Safety and taxes and safety again

Wednesday, April 12, 2017

One of my very dear friends tells me, each time a sales tax is proposed, that in the study of American economics, no government has ever taxed itself to prosperity. I do know my friend is right. And I do wish the state of Arkansas had devised a more balanced approach to revenue generation. Sales tax is and always has been regressive; it is punishment to the wealthy and a penalty to the poor.

But regressive is one thing. Crime is quite another.

Our city suffers an alarmingly poor safety reputation, a reputation not fully deserved, but one built on perception, which as the saying goes, “becomes reality.” Crime rates and crime indices for Blytheville are undeniably bad. While many of us may not feel unsafe, we are all aware that precaution is a way of life. We are on higher alert.

And yes, this may be a national problem, but that is no comfort when the problem is striking at home. Fear of crime means more than discomfort. It stops visitors from coming to our city, no matter how appealing an event may be. Fear stops support of local evening activities, be it church, a night at the Ritz or a ballgame. Fear stops potential residents from even considering Blytheville as a place to live. In a word, high crime rates are damaging to our economy, on all fronts.

The Greater Blytheville Area Chamber of Commerce board has voted unanimously to support the sales tax proposed by the city, a tax fully dedicated to public safety. Their reason: We must have more competitive police salaries to attract and keep quality officers and we must expand the police force to lower crime rates effectively.

Policing, like all other 21st century professions, has changed. It is tougher than ever, it is highly competitive and in an era when commuting is a way of life, law enforcement is no longer a “home town” job. The Blytheville police salary structure, as it stands, does not incentivize officers to either join or stay on the force; the city needs more money to create a better structure.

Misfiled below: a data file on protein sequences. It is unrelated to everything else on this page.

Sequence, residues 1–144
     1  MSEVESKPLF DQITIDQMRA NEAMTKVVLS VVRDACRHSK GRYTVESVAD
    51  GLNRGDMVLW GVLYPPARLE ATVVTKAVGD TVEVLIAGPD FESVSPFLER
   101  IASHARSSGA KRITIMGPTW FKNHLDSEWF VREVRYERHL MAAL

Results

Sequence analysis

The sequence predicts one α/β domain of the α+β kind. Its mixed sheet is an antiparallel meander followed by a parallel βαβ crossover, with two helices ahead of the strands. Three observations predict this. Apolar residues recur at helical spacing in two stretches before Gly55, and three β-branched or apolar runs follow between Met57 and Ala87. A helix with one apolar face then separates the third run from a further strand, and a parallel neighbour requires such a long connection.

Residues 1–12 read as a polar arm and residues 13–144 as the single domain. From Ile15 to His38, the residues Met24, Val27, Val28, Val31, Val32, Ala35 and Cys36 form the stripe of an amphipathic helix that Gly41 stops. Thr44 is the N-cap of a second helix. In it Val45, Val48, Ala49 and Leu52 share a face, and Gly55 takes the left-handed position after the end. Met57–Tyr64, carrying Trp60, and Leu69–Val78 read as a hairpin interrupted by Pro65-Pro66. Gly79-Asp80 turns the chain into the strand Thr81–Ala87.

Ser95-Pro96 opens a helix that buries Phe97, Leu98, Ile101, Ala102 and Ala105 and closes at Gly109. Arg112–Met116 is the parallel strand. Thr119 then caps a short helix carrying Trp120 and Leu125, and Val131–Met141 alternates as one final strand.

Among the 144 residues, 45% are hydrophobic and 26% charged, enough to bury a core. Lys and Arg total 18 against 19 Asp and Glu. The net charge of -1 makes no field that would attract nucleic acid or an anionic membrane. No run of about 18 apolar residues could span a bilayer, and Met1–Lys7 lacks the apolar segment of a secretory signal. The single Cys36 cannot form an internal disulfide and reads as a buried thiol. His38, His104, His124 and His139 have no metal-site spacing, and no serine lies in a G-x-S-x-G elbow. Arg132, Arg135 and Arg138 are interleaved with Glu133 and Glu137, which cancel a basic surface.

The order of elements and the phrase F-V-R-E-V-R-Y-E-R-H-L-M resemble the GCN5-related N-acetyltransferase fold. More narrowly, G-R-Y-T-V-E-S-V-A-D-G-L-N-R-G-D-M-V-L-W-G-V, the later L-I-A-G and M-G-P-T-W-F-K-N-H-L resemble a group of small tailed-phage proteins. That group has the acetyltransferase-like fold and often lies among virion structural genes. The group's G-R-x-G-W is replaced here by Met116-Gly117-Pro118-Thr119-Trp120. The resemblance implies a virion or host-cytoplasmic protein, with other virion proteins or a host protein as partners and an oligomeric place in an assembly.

It is the city’s professed need for more money that, as always, stirs opposition. Many citizens, with government trust at an all-time low nationwide, believe that the lack of money is really mismanagement of money. Heaven knows Blytheville has had its trials on money issues, whether it is unnecessary spending, tax delinquency, water company copiers or shifting funds from one budget to another. Municipal finance is an overwhelmingly complex organism, and one much easier to complain about than to fix. We need to stop the crime problem. If you are opposed to the tax because you are not happy with the city’s management, I hope you will rethink the timeline—crime needs immediate attention. We simply cannot hold public safety as a hostage, while we wait for the city to reach our own varied views of ideal fiscal management.

This sales tax is a half-cent, and it sunsets in ten years. It is, BY LAW, to be used specifically for our public safety needs and BY LAW it will serve as a supplement to general funding for public safety. A small portion of the money, through a bond vote, will move the police to a new facility on Highway 61 South—a bargain, and a move much needed, which you can verify for yourself by a quick visit to the current police headquarters.

Blytheville is not a dying community, as naysayers love to tag it.

School choice, new retail, thriving industry and wonderful people comprise this community. Like all cities, however, we must face our problems and do our best to solve them rather than merely point fingers and complain. I urge you to vote “yes” on May 9. Vote “yes” for this tax and vote “yes” for the bond.